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Russia Mounts Aid Convoy to Ukraine Despite NATO Warnings

The Kremlin has joined forces with the Red Cross and the European Union to deliver humanitarian aid to pro-Russian cities in eastern Ukraine, but NATO still has reservations about Russia's intentions. 

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Russian President Vladimir Putin said Monday that, in conjunction with the Red Cross and with approval of the Ukrainian government, Russia is sending an aid convoy to eastern Ukraine, despite warnings from NATO that humanitarian help could act as a pretext for invasion.

Last week, the Ukrainian military closed in on the pro-Russian rebel-held towns of Donetsk and Luhansk, the target of the proposed humanitarian aid. The area has seen intense fighting in recent weeks which has caused hundreds of thousands of residents to flee.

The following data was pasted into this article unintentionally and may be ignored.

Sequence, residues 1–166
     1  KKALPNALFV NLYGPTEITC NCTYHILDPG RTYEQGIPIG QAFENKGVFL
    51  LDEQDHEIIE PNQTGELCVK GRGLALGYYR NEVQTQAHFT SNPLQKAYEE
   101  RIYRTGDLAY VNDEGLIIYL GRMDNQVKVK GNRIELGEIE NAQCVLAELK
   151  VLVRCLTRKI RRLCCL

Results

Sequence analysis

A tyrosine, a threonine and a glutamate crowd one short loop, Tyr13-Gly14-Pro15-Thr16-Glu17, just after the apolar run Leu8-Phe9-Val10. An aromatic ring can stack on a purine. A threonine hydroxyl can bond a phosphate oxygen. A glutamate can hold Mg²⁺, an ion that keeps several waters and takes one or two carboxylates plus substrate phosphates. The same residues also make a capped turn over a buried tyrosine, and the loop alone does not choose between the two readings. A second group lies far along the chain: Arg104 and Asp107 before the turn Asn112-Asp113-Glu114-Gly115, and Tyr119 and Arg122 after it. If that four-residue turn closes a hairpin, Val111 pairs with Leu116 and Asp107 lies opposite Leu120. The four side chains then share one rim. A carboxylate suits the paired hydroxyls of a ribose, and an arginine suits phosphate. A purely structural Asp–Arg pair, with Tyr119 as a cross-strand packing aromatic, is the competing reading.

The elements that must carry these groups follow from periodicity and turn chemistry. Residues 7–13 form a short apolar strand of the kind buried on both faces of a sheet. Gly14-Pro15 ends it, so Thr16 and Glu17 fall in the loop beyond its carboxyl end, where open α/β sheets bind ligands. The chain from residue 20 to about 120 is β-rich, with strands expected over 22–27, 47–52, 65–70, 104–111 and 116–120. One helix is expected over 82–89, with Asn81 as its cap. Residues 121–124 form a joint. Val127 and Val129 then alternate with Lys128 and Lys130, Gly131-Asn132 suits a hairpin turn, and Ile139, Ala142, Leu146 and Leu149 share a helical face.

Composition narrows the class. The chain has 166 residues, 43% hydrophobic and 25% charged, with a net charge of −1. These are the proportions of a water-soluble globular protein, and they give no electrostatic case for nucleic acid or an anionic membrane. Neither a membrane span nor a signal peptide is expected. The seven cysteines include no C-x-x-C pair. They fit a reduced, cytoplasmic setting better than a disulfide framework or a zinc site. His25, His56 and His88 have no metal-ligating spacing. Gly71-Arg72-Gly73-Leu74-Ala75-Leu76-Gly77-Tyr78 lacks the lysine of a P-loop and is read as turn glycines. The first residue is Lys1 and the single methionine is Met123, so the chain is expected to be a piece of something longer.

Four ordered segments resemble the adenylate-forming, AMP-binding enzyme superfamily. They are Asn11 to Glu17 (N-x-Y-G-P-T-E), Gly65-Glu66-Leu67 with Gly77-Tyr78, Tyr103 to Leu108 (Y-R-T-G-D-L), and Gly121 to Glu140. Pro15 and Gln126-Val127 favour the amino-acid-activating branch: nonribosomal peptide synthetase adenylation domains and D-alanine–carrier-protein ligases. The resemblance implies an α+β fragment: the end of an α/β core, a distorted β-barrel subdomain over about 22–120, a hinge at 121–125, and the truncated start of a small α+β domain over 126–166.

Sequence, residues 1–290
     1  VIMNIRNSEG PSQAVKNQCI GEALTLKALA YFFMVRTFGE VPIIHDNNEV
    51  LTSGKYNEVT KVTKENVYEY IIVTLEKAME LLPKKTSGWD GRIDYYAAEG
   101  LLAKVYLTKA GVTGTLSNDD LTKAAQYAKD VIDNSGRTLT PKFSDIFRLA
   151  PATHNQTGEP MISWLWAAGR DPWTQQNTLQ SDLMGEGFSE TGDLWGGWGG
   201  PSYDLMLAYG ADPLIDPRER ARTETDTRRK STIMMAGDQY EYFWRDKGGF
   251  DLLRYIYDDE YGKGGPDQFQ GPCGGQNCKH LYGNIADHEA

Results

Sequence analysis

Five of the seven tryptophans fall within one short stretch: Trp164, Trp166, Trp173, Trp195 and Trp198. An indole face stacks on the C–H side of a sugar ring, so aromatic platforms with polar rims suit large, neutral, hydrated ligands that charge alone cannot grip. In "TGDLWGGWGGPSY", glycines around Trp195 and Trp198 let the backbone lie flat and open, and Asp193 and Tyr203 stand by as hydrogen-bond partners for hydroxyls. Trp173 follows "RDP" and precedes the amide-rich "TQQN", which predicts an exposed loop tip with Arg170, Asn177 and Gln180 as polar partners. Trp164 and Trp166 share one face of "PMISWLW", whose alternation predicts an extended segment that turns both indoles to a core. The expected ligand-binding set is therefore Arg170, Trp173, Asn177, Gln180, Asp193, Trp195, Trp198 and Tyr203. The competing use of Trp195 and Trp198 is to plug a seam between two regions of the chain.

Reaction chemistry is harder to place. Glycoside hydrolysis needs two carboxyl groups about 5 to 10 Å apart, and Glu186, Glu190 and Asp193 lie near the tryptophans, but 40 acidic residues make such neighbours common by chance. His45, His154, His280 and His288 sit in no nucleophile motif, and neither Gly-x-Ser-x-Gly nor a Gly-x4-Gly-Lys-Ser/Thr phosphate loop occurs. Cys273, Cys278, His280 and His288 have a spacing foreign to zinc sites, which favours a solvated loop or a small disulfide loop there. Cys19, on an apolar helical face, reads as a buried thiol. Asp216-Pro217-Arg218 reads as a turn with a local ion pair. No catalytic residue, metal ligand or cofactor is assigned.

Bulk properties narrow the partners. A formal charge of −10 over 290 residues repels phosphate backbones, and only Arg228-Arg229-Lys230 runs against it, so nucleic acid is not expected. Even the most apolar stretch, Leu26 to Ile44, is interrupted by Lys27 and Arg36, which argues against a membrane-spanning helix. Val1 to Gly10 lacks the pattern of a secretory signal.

Although the Ukrainian presidential press service said that President Barack Obama agreed to the plan in a phone call with Ukrainian President Petro Poroshenko, NATO says there is "a high probability" of Russian military intervention.

"We see the Russians developing the narrative and the pretext for such an operation under the guise of a humanitarian operation, and we see a military build-up that could be used to conduct such illegal military operations in Ukraine," NATO Secretary-General Anders Fogh Rasmussen said to Reuters. Russia has reportedly assembled 45,000 troops by the border.

As a partner in the convoy, European Commission President Jose Manuel Barroso "warned against any unilateral military actions in Ukraine, under any pretext, including humanitarian," in a statement following a call with Moscow.

All of this falls on the heels of another day of fighting in which officials said 106 inmates in a high-security prison near Donetsk escaped after rockets struck the complex, further adding to the chaos.

This article is from the archive of our partner The Wire.